One-percent presidential candidate Jon Huntsman is playing a sneaky game in his desperate quest to remain a viable presidential candidate throughout the fall. He's trying to preserve his media image as a "moderate" alternative by letting it be known that he believes in evolution and climate change. Since we have such low standards for "moderation" now, this makes him appear serious. But then he sneaks off and delivers the Republican base a radically conservative plan for the economy, a.k.a. the thing that matters. Do not fall for this seemingly nice man!
Huntsman got a modest lift in the press a few weeks ago when he tweeted, "To be clear. I believe in evolution and trust scientists on global warming. Call me crazy." This didn't help his poll numbers whatsoever, but it did get him on some television shows! Not that he has a plan to do anything about climate change — in fact he, like other candidates, essentially wants to destroy the EPA for trying to regulate carbon emissions — but he nevertheless made a fine superficial contrast with, say, Rick Perry.
Which brings us to yesterday, when Huntsman revealed his big economic plan. It's similar, although somehow farther to the right, of Tim Pawlenty's — and if you can even remember Tim Pawlenty, remember that he spent every second of his day throwing fresh pander-meat to the economic conservative base in an ultimately unsuccessful effort to get any of them to like him.
Huntsman's plan would flatten the income tax code into three brackets: 8%, 14% and 23%. It would cut the corporate tax rate from 35% to 25%, and eliminate the capital gains and dividend taxes. Pawlenty's plan was a similar orgy of tax cuts — two income tax brackets at 10% and 25%, corporate tax rate at 15%, and eliminating the capital gains rate. The major difference is in how the two planned to offset all these goddamn tax cuts. Pawlenty pledged to eliminate some wasteful loopholes, but also rosily assumed that the economy would grow at a 5% annualized rate to cover any new structural budget deficits. Huntsman, on the other hand, wants to offset his insane number of tax cuts by eliminating all deductions and credits — including popular low- and middle-class ones like the earned income tax credit, mortgage interest tax deduction, child tax credit, employee health insurance tax exemption, and so on.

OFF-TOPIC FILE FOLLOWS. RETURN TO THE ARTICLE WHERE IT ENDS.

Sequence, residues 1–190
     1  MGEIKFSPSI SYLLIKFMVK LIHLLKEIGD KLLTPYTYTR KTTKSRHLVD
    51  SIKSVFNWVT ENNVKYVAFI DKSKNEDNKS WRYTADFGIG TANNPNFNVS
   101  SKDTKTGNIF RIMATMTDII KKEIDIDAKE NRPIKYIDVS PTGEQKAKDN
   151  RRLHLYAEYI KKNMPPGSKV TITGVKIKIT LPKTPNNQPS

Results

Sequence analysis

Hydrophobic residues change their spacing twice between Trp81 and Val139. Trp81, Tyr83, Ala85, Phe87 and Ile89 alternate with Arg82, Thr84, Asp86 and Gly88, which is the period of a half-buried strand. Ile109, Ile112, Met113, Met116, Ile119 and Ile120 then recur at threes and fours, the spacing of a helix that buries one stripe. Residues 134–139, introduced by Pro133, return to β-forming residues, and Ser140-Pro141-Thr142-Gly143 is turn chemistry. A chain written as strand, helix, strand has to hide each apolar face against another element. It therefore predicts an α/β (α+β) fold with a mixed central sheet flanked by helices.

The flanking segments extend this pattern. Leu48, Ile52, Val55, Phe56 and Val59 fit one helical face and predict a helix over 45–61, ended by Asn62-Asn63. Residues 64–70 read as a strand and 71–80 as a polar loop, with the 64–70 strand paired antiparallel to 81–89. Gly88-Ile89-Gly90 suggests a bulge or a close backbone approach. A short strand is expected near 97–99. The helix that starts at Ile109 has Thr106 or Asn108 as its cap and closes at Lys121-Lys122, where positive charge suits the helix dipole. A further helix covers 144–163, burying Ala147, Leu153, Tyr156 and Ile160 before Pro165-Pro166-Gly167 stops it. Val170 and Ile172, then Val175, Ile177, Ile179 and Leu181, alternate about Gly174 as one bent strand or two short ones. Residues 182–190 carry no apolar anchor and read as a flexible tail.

So what you have with Jon Huntsman's economic plan is a regressive transfer of wealth from low- and middle-class families to cover extensive tax cuts for the wealthy and corporations. And even if you think (reasonably) that things like the mortgage interest tax deduction or the employee health insurance tax exemption need to be reconsidered, what are you going to replace them with to prevent the housing and health care markets from crashing? Probably, uh, hmm... giving more cash to investors to sit on while everyone else is somehow even more broke?
So, yeah: Jon Huntsman says he believes in science, on Twitter. Good for him. But thanks to this economic plan, he has a long way to go before anyone should be throwing the word "moderate" around.
[Image via AP]